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ONLINE: Spring Audubon Talk—Birds: Coast and Climate
April 22, 2021 , 6:00 pm – 7:30 pm
Pre-registration is required by 12 p.m. CDT Wednesday, April 21st, and space is limited.
Registration is now closed. Check out our other upcoming events here.
While this is a free event, please support our work if you are able and make a tax-deductible donation at alaudubon.org/give.
In 2020, the northern coast of the Gulf of Mexico experienced an unprecedented hurricane season with ten of the thirty named storms, formed in the Atlantic basin, making landfall in the region. The threat of increased frequency and severity of storm events is only one of many issues that coastal ecosystems, including coastal birds, face in the wake of climate change. Join Alabama Audubon’s Coastal Biologist, Sabrina Cobb, as she facilitates this important conversation with researchers from across the Gulf Coast on how climate change is impacting coastal systems and the birds that rely on them for this special Earth Day event.
If you are a member of Alabama Audubon, please plan to stay on after the talk for our Annual Membership Meeting, including voting on new board members and the presentation of this year’s Yellowhammer Award. The meeting will conclude by 8 p.m. CDT. View the 2021–22 proposed board slate here.
Registration: To register, click on the button above. If you’re not an Alabama Audubon member and don’t yet have a username and password, simply click the “X” on the pop up and fill out the basic form. If you do have a login, please use it as this helps us tremendously on our end! You should receive an automated email upon registering.
Please note, you will receive a separate email with the Zoom webinar instructions once registration closes. You’ll need the link or webinar ID and password from this email to join the meeting. In the event the link does not work for you, you may need to go to the Zoom website and manually enter the webinar ID and password. Please double check your email and make sure it’s a valid email address prior to completing your registration. We’ve had several kick-backs when sending the Zoom meeting instructions out to registrants, and you won’t be able to join the webinar without this information. Thanks!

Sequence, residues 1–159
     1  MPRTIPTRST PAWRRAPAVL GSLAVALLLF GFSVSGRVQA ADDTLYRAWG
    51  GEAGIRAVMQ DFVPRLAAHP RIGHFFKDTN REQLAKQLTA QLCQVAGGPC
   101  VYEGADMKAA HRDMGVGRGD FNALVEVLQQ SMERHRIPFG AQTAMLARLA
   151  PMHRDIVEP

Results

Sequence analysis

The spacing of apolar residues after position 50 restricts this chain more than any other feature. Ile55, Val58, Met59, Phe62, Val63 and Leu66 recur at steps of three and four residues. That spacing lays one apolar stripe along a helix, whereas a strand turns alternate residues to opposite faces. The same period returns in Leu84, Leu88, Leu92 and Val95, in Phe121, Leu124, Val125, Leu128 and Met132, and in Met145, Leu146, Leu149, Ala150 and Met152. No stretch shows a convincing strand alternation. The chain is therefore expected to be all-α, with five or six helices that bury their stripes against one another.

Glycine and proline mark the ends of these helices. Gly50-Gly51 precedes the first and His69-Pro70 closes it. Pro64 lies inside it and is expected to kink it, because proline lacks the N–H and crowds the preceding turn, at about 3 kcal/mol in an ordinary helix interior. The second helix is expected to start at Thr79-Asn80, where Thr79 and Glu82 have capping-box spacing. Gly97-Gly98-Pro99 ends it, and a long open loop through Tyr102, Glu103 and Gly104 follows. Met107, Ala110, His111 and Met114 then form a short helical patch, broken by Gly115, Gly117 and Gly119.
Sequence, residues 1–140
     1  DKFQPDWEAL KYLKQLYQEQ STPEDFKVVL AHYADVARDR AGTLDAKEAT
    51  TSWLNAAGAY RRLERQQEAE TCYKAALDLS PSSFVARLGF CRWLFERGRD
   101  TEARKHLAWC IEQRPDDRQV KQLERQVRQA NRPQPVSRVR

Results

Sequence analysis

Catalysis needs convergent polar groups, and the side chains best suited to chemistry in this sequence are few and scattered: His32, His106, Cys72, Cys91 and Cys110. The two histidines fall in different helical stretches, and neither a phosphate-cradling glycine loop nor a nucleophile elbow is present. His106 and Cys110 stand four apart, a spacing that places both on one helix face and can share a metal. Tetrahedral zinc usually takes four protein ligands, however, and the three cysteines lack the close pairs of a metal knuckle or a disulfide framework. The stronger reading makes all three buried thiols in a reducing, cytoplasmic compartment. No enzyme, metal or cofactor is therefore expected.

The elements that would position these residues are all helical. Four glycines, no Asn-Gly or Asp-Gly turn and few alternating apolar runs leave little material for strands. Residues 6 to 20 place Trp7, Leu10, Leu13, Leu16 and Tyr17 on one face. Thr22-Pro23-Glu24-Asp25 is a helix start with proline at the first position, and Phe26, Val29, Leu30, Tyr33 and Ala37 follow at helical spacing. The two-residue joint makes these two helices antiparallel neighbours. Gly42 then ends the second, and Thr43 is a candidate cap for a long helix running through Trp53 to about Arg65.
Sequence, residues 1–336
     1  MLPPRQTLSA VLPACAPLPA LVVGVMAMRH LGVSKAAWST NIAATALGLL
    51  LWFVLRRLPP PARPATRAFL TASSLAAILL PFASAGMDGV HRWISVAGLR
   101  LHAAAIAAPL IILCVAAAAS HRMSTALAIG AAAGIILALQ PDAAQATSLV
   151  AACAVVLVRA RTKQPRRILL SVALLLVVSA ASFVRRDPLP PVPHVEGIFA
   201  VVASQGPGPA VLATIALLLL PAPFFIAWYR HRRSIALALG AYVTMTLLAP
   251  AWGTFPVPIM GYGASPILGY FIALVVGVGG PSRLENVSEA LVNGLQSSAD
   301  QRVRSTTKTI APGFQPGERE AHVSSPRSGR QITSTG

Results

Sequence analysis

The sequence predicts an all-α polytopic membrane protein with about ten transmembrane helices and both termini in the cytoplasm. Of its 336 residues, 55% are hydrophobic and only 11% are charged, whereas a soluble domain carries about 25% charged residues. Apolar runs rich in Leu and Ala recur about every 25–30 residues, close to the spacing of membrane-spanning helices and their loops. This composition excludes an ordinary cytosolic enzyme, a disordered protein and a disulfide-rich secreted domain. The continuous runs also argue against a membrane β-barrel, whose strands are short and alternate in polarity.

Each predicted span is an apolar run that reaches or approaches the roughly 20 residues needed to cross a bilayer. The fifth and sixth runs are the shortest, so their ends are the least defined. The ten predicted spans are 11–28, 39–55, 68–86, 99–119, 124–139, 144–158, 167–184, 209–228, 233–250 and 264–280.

Questions? Email the Programs Assistant.
About the panel: We are excited to have five panelists representing each of the Gulf Coast states.
Dr. Abby Darrah joined Audubon Mississippi in March 2017. She first became interested in birds while attending college at Ohio University, thanks to an ornithology class that included mist-netting and a multi-day field trip to South Carolina. She moved to Fayetteville, Arkansas, where she got her master’s degree and then PhD in biology. She studied king rail habitat use and distribution for her master’s project, and the behavior and ecology of mixed-species flocks in Amazonian Ecuador for her PhD dissertation. She worked as a postdoc at the University of Arizona and at the State University of New York–College of Environmental Science and Forestry developing a decision support tool for beach managers to use when deciding whether or not to use nest exclosures for piping plover conservation.
Owen Fitzsimmons is the Webless Migratory Game Bird Program Leader for Texas Parks & Wildlife Department. This unique position oversees statewide management for a wide variety of species that include doves, cranes, rails, gallinules, snipes, and woodcocks. His previous experience includes seven years of coastal bird conservation work with the Coastal Bend Bays & Estuaries Program, management of a private game ranch in south Texas, and short-term positions with the Texas Forest Service, Ducks Unlimited, and others. He earned a BS and MS in Range and Wildlife Management from Texas A&M University–Kingsville. His passion for conservation, birds, and all things outdoors has led him to volunteer with youth outdoor camps, youth hunting programs, and serving several years as president of the Coastal Bend Audubon chapter.